There is an 840-acre island sanctuary lying undisturbed just 1.5 miles off the coast of Long Island. The sanctuary is called Plum Island, and it’s currently being threatened by development.
It’s a major habitat for a variety of wildlife such as osprey, bank swallow, and piping plover – to name a few – as well as dozens of native plants. Because of the fact that a federal research facility used a small part of the island, Plum Island has remained untouched by development – until now.
The research facility (National Bio and Agro-defense Facility – NBAF) is relocating, and “the federal government is prepared to sell the island to the highest bidder,” according to Connecticut Fund for the Environment and Save the Sound. The research facility “needs” the money from the sale in order to fund the facilities’ relocation to Manhattan, Kansas. As a result, “this rare island is at risk of intensive private development that could ruin wildlife habitats, pollute the Sound, and preclude future public access.”
Why is Plum Island important?
Island habitats, like Plum Island, are a rare and treasured thing. Islands account for less than a quarter of the earth’s total land area, but comprise 30% of the world’s biodiversity hotspots, 50% of marine tropical diversity, and some of the most rare and unusual species in the world, according to a World Conservation Congress report of 2008.
Plum Island, specifically, is home to the endangered Roseate Tern and threatened Piping Plover. It also contains the largest winter haul out site for marine pinnipeds in southern New England, involving several hundred harbor and grey seals that utilize the rocky coastline of the island’s east end.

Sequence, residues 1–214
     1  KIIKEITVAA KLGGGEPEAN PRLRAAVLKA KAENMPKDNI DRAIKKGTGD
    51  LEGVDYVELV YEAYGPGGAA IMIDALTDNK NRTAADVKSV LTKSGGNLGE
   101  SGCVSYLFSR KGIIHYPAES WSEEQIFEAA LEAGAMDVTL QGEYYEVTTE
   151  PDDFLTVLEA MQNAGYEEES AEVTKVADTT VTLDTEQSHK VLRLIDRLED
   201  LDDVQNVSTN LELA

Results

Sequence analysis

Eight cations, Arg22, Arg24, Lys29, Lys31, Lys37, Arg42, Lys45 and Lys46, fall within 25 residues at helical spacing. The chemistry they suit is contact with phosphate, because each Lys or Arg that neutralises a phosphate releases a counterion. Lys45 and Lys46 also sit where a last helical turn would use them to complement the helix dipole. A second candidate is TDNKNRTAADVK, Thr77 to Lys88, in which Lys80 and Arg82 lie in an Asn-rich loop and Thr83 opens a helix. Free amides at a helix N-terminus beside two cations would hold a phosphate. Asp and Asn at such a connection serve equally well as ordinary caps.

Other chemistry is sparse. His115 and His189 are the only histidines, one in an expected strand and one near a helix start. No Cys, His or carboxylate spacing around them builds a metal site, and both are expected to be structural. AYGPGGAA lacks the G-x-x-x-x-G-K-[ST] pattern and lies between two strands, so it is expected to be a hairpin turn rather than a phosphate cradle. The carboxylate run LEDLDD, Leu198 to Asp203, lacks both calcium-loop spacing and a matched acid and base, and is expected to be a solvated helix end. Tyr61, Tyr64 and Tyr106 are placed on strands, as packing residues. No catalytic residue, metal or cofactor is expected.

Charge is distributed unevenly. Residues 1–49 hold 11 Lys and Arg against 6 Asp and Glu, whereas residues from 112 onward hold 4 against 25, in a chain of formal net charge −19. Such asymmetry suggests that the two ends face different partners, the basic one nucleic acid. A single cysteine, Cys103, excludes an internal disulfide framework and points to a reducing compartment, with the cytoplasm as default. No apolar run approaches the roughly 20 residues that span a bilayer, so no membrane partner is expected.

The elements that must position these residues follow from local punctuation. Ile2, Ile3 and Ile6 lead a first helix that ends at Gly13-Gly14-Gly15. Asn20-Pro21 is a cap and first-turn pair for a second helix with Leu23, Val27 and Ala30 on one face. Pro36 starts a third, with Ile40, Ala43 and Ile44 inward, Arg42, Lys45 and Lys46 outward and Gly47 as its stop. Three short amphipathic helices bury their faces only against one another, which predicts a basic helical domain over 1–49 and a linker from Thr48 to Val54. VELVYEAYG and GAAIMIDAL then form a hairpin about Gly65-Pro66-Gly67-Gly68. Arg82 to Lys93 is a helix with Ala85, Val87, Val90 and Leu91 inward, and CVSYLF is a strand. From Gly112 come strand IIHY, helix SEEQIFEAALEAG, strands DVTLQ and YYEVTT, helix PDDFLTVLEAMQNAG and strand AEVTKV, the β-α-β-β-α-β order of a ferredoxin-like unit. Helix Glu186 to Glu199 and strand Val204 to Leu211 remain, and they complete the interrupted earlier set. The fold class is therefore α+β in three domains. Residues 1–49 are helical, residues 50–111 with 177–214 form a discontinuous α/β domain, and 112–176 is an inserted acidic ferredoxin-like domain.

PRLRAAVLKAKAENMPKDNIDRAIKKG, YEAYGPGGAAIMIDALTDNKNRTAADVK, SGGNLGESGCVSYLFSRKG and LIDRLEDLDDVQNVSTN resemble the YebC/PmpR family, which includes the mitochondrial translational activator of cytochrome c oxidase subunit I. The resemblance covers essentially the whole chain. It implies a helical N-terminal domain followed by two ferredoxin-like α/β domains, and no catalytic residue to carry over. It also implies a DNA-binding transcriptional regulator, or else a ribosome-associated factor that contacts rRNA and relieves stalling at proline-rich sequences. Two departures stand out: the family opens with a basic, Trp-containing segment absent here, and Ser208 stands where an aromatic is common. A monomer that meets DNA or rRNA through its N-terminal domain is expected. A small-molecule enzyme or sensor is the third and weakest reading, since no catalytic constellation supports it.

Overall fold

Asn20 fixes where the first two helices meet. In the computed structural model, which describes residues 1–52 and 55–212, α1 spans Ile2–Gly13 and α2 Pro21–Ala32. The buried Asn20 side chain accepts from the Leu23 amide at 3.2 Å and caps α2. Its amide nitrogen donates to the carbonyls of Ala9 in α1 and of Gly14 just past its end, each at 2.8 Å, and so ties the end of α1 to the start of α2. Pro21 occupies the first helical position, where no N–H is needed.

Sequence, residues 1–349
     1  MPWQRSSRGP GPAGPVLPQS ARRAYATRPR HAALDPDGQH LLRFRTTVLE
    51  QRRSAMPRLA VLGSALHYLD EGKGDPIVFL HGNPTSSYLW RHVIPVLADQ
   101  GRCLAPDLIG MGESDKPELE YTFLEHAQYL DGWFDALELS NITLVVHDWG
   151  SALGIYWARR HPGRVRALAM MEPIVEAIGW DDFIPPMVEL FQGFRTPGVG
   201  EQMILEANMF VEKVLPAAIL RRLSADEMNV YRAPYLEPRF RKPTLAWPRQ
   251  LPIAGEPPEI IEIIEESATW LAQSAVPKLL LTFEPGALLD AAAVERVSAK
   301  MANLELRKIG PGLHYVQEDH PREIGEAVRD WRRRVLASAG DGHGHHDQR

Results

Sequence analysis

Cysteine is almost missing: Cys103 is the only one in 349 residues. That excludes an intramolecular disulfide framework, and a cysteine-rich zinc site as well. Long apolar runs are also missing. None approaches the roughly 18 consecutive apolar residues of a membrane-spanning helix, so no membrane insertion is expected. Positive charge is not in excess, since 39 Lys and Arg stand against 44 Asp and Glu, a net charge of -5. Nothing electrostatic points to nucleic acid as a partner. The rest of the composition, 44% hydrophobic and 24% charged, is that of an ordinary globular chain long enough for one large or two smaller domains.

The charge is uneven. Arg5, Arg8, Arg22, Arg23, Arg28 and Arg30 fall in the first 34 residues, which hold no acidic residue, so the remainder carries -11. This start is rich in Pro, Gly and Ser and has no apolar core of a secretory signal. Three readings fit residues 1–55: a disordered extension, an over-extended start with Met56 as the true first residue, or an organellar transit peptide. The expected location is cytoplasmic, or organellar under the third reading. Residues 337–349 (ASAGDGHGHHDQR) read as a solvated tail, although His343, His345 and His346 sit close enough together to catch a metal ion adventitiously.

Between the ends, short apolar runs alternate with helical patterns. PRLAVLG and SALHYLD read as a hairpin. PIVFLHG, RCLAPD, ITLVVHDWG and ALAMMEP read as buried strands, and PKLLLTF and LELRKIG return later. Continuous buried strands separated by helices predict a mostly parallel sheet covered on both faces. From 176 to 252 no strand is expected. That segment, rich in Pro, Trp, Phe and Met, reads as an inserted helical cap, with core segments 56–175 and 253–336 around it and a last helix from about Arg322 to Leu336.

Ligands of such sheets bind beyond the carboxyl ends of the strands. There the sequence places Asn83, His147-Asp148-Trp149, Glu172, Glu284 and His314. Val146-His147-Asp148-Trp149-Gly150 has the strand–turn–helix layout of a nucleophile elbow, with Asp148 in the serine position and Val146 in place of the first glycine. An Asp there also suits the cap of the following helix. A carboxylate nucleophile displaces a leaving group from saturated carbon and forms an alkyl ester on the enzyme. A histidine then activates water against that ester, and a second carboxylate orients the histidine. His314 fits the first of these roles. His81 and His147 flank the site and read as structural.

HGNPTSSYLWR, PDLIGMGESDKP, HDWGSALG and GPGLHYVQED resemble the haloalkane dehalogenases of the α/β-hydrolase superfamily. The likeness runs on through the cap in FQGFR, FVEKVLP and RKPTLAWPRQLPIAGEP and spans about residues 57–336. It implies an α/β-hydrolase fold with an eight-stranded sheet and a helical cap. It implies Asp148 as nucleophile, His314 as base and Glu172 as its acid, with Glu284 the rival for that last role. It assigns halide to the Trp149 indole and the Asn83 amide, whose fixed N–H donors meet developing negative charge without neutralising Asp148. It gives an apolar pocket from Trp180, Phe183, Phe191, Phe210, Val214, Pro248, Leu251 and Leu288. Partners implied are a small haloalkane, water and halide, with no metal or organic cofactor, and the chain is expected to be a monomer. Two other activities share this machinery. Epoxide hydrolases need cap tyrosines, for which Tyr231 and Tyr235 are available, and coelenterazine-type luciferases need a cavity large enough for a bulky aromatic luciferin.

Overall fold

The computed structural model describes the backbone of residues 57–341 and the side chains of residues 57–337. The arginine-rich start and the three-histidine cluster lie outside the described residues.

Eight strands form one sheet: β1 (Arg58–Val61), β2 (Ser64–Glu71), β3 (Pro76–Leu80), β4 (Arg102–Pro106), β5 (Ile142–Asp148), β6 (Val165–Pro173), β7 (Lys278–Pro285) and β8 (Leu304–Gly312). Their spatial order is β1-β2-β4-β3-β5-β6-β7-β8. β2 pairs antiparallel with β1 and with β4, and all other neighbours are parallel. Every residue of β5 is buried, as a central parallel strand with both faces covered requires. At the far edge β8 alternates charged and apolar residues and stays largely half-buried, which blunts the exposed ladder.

There are cultural and historic treasures there as well. The Plum Island Lighthouse warns mariners of the dangers of the rocky shores. And Fort Terry – a fort built for the Spanish-American War – provides remains of several extant batteries as well as a toy gauge railroad system used to move armaments to these batteries.
Additionally, Plum Island itself has received some important designations by federal, state and local organizations:
- The U.S. Fish and Wildlife Service named it a “Critical Natural Resource Area.”
- New York Department of State calls it a “Coastal Significant Fish and Wildlife Habitat.”
- Audubon New York: “Important Bird Area”
- Suffolk County, New York: “Peconic Bay Environs Critical Environmental Area.”
- Long Island Sound Study: “Environmental Stewardship Area.”
What’s the alternative to development?
There are currently 33 valuable sites around Long Island Sound that make up the Sound’s wildlife refuge system. Plum Island could become part of that network of islands, especially since several organizations agree it deserves protecting. Once the island is protected, trails and such could be created around and through the island in order for the public to enjoy one of the Sound’s last great places. The ultimate goal is to turn “Plum Island” into “Plum Island National Wildlife Refuge.”
How can I help?
On April 18, Congressman Lee Zeldin announced that he has re-introduced legislation to protect Plum Island. “I have always supported keeping Plum Island open on Long Island and am fighting hard in Congress to do just that,” stated Zeldin. You can show your support for this effort in at least two ways:
- For those who live in either New York or Connecticut, you can go here to send a letter to your Congressional officials.
- For everyone – no matter where you live – you can go to the Preserve Plum Island Facebook page. Show your support for everything they are fighting for, and share their stories in order to get the word out. And Like them too, so you can stay informed of all that’s happening. They even periodically post petitions that you can sign.
Once Plum Island becomes an official wildlife refuge, you can plan your no-impact visit to a place you know you helped to protect.
Amanda Carlucci has her finger on the pulse of the green movement. Stay up to date on the latest in green activism. You CAN make a difference. Be a part of the movement, and click here to subscribe. It’s anonymous and free!